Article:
Lesson 10: Broaden your horizons
When you think of a holiday, are you like many Canadians and picture a sunny, warm, all-inclusive beach resort, with fencing or security to allow you to enjoy semi-secluded tranquility? The only interaction with the local population is likely limited to the resort staff.
There is a huge world out there, full of different sights, sounds, and cultures for those willing to broaden their horizons.
Visiting lands outside North America likely means longer flights, something that is costly and never comfortable. But surprisingly, the extra investment in travel may be offset by lower land costs at your destination. We spent two weeks in China, including air travel, a river cruise, and land tours, for less than it would have cost us for a week at a quality Caribbean all-inclusive.
To view their postage-stamp-size farms on mountain sides and to find that Chinese farmers, without the mechanization we have, far out produce us is mind-boggling. I had a long discussion with one tour guide comparing the economies and safety nets of China and Canada, and her final comment was, “Canada is a more socialist country than China.” (And that was before our current federal and provincial governments.)
Poor decisions are made when we do not understand the consumers and markets. And unless we understand our competitors, how can we compete effectively?
Lesson 11: Step outside your comfort zone
It is easy to categorize people on the basis of race, education, religion, politics, wealth, etc. But when you actually get a chance to talk to different people across the spectrum, it is truly amazing how similar everyone is. We worry about the same things: health, family, food, housing, the basic needs.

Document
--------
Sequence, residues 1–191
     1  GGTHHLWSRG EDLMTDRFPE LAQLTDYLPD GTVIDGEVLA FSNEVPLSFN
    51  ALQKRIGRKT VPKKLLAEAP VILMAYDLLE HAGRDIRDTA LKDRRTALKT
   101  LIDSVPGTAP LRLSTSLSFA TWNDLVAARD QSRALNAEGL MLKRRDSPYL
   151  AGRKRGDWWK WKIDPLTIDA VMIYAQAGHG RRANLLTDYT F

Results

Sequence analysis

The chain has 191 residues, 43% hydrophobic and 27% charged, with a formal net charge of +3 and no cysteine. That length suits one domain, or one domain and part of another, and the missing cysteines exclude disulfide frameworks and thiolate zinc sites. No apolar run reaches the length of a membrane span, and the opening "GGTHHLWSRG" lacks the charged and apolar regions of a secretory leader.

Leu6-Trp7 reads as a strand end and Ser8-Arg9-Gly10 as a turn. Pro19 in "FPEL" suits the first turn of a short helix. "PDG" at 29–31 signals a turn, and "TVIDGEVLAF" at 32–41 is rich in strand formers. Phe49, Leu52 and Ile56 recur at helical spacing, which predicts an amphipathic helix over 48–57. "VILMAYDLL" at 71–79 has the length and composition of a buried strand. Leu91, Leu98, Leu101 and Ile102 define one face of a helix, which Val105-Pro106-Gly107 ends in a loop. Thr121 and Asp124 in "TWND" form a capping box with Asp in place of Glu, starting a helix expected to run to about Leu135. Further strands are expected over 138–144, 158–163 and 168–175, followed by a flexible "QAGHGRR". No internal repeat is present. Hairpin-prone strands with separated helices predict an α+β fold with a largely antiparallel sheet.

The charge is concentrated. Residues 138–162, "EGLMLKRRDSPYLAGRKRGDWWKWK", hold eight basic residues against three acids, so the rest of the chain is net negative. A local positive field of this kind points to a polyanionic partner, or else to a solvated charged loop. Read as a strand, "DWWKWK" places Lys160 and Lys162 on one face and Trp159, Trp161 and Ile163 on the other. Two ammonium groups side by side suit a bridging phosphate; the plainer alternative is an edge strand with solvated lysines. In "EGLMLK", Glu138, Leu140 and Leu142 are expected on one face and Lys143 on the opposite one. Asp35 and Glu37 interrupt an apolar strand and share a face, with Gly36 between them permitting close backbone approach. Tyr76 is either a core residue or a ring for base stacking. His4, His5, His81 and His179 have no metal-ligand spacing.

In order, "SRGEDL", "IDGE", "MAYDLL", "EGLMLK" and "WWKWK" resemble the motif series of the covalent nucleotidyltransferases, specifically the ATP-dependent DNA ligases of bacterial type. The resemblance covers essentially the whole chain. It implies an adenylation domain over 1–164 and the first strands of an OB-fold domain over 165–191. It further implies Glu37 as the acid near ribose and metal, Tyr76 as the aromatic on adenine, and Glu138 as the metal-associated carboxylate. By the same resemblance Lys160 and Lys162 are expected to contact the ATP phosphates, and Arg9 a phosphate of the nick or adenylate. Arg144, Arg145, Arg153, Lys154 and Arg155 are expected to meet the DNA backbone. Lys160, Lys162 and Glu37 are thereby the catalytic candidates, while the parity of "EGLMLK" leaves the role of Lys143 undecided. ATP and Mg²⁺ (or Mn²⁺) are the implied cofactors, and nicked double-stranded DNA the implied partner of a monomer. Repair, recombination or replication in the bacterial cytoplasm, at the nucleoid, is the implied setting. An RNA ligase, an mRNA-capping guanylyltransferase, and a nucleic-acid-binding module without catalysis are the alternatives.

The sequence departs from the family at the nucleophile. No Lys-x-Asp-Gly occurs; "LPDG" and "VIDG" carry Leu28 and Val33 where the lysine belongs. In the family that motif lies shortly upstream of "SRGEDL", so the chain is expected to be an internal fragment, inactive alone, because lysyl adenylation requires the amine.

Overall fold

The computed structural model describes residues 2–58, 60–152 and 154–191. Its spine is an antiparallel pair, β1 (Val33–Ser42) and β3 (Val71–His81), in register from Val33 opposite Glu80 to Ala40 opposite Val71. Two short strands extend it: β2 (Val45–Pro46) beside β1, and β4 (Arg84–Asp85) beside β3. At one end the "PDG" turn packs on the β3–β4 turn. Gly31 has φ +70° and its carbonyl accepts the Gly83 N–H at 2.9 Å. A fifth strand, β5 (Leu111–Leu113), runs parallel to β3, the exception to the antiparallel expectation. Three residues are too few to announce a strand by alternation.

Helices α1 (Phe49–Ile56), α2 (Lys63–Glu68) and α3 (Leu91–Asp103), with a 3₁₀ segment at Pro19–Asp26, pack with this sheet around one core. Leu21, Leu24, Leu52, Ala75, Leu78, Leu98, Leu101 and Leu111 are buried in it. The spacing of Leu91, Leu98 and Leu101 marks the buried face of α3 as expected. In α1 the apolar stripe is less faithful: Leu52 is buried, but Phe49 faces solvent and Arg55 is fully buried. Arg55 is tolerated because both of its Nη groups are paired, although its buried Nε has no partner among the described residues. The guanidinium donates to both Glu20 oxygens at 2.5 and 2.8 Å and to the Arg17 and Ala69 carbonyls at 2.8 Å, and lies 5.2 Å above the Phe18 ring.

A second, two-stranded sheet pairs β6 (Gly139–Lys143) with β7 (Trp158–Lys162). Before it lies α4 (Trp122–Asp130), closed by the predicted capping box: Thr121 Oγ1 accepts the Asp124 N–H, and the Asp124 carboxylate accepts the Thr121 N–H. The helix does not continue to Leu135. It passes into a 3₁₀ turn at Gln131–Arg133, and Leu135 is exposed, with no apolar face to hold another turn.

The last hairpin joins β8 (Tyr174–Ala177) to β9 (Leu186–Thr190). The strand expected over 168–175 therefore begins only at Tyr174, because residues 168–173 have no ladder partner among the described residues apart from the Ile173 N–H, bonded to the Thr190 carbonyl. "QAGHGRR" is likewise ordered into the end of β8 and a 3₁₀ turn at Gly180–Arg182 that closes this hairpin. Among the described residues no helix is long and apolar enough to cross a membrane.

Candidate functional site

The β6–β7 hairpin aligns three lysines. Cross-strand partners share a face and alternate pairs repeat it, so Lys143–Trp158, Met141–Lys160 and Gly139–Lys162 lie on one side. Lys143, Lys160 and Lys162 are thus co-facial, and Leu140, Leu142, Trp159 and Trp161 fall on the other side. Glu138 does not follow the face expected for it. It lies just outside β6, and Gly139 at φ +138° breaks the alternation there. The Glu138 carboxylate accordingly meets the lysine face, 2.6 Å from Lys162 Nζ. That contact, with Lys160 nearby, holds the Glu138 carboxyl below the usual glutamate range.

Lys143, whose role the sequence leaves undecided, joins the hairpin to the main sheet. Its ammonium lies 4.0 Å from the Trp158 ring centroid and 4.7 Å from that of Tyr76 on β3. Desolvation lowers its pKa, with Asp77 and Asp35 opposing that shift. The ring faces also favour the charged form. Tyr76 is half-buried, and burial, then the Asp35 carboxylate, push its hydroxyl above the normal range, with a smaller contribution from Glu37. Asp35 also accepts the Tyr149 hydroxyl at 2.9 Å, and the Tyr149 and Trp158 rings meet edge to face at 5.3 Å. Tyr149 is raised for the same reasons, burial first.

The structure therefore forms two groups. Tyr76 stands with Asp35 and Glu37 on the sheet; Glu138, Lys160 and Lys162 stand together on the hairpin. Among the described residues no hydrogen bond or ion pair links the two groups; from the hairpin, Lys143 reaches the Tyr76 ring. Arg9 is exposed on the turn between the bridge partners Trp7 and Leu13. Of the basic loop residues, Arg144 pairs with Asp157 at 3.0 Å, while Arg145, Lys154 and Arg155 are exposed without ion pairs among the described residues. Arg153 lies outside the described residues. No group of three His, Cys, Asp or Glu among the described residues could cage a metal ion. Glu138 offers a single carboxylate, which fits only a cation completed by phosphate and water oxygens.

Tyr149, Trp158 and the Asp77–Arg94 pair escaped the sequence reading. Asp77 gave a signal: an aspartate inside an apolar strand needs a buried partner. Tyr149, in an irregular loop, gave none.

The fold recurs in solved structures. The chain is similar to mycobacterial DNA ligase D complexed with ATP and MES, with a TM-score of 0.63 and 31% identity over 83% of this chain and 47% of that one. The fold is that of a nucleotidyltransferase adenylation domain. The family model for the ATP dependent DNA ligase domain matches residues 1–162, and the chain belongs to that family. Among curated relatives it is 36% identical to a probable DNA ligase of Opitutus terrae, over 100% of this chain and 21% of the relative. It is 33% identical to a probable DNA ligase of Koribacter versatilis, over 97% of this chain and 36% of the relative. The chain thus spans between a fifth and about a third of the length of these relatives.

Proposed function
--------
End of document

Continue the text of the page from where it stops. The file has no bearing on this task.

I will never forget walking alone down a street in Ho Chi Minh City when a Vietnamese man sitting on the sidewalk noticed my Canada flag pin I wear while travelling. He asked in halting English if I would sit and talk with him for a few minutes. As it turned out, he had a sister who had recently been hired as a foreign worker in Vancouver and he had heard how prejudiced Canadians were about Vietnamese. Would she be safe? he asked. Talk about an eye-opening exposure to bias!
I am not sure how many readers would have accepted his invitation to sit on the sidewalk and talk, but what an incredible way to learn about a different culture.
There has never been a greater time to learn, share, and experience provided you are willing to step outside the walls we build around our lives.
I understand that travel to the developing world isn’t for everyone but if you want a quick taste without the hardships and risks, consider a cruise that has ports of call there. You will be amazed what you can learn.
Important decisions are never comfortable. Our world view should not be either. We need to make decisions based on the real world and not simply on the patch of land we call our home, farms, businesses and even our country.
All decisions are ultimately emotional. Our final decision is what makes us feel best based on the information we have gathered and evaluated before making the decision. But Mark Twain said it best: “What gets us into trouble is not what we don’t know. It’s what we know for sure that just ain’t so.”